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Ragtime celebrates Boston's role as a champion of equal rights and the arts

Posted by Carol Rose, On Liberty  September 28, 2012 05:00 AM

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Boston has always been center stage for American history. So it's both timely and inspiring that the historic Strand Theatre will celebrate its revival with the opening of Fiddlehead Theatre's production of the Tony award-winning musical Ragtime (Sept. 28-October 7).

The musical is set in the early 1900s--the same era as Strand Theatre's opening--and celebrates in word and song America's struggle for equal rights for women, blacks, immigrants, and workers.

It's also fitting that the Fiddlehead Theatre Company chose to honor the American Civil Liberties Union (ACLU) with its Ragtime production in Boston. After all, the ACLU of Massachusetts has for more than 90 years been at the forefront of America's struggle to realize equal justice for all. (I know this because, among other things, I have been the executive director of the ACLU of Massachusetts for nearly a decade).

Less well known is the role that Massachusetts and Boston played in the formation of the ACLU itself. Roger Baldwin, who founded the ACLU, was from Massachusetts. And just months after the Strand Theatre opened, a group of concerned citizens met in the Beacon Hill living room of Mrs. Margaret Shurcliff, a supporter of women's suffrage and peace, to form the nation's first ACLU affiliate.

At the time, America was gripped by the fear that the Bolshevik revolution in Russia would spread to the United States. In Boston, these fears were stoked when the Boston police rank and file went out on strike in 1919, seeking recognition for their trade union and improvements in wages and working conditions.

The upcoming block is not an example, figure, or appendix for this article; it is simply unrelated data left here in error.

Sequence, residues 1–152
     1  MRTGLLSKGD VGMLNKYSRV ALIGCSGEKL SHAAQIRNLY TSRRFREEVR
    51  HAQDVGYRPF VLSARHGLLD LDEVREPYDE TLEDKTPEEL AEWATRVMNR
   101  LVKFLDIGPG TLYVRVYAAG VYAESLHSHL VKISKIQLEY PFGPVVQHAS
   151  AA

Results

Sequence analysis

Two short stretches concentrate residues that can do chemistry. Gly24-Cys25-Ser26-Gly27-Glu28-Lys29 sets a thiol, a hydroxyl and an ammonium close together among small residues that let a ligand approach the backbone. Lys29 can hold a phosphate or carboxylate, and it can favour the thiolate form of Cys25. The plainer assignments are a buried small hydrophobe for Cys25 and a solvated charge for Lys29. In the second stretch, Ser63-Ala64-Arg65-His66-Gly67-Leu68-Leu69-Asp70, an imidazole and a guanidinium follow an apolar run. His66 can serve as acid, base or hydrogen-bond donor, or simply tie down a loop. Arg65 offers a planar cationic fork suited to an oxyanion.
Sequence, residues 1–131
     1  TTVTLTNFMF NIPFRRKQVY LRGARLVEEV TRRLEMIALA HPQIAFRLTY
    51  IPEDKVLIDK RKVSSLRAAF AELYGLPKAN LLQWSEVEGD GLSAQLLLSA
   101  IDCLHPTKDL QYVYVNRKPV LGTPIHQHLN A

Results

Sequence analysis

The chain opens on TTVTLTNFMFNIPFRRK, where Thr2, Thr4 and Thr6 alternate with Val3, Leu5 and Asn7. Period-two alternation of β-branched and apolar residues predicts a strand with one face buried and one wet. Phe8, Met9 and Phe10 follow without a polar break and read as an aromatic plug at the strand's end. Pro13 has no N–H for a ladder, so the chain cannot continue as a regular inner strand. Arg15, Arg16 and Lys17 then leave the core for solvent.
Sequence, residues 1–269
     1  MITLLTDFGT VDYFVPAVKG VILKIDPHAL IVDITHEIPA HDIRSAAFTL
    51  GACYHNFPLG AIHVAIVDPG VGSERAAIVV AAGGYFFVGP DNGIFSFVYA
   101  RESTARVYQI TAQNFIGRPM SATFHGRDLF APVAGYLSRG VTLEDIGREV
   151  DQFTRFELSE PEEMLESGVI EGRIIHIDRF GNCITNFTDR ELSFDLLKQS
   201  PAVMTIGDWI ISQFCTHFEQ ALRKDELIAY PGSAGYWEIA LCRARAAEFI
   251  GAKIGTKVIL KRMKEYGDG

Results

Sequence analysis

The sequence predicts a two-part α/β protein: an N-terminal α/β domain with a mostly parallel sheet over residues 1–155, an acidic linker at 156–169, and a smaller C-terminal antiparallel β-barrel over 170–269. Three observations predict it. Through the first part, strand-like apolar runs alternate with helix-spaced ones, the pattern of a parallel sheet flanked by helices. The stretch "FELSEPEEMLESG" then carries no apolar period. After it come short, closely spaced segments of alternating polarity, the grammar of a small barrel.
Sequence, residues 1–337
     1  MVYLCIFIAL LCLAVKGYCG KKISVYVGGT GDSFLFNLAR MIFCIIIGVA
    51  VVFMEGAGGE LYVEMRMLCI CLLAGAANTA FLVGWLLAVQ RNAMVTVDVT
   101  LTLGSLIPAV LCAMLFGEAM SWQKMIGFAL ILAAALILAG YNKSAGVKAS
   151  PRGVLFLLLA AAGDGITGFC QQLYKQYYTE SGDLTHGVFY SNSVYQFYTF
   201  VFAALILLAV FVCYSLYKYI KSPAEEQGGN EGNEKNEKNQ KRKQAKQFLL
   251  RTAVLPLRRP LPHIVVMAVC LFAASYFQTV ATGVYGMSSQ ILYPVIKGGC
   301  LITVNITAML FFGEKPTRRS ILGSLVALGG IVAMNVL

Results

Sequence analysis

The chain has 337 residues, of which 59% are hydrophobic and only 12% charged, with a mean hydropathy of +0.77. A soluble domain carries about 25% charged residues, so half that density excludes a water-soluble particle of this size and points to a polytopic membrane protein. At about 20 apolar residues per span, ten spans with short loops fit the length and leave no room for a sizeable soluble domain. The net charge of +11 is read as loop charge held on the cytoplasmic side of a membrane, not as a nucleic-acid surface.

Weeks later, U.S. Attorney General Mitchell Palmer began rounding up and in some cases deporting so-called radicals--targeting peace demonstrators, artists, labor organizers, people of color and immigrants. Thousands were arrested without warrants and without regard to constitutional protections against unlawful search and seizure. Those arrested were brutally treated and held in horrible conditions.

In the face of these egregious civil liberties abuses, a small group of Americans--largely social reformers, clergy and conservative lawyers--decided to take a stand, and thus was born the American Civil Liberties Union. Ninety years later, the ACLU remains our nation's premier defender of equal rights, due process and freedom of expression for all.

Against that historic backdrop, when Ragtime opens this Friday night, Bostonians are in for a treat. Not only will they enjoy a fantastic musical, they also will celebrate the historic role that Boston has played--and will continue to play--in realizing the American dream of equality, liberty and justice for all.

This blog is not written or edited by Boston.com or the Boston Globe.
The author is solely responsible for the content.

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About the author

Carol Rose is executive director of the American Civil Liberties Union of Massachusetts. A lawyer and journalist, Carol has spent her career working for and writing about human rights and civil liberties, both in the United States and abroad. More »

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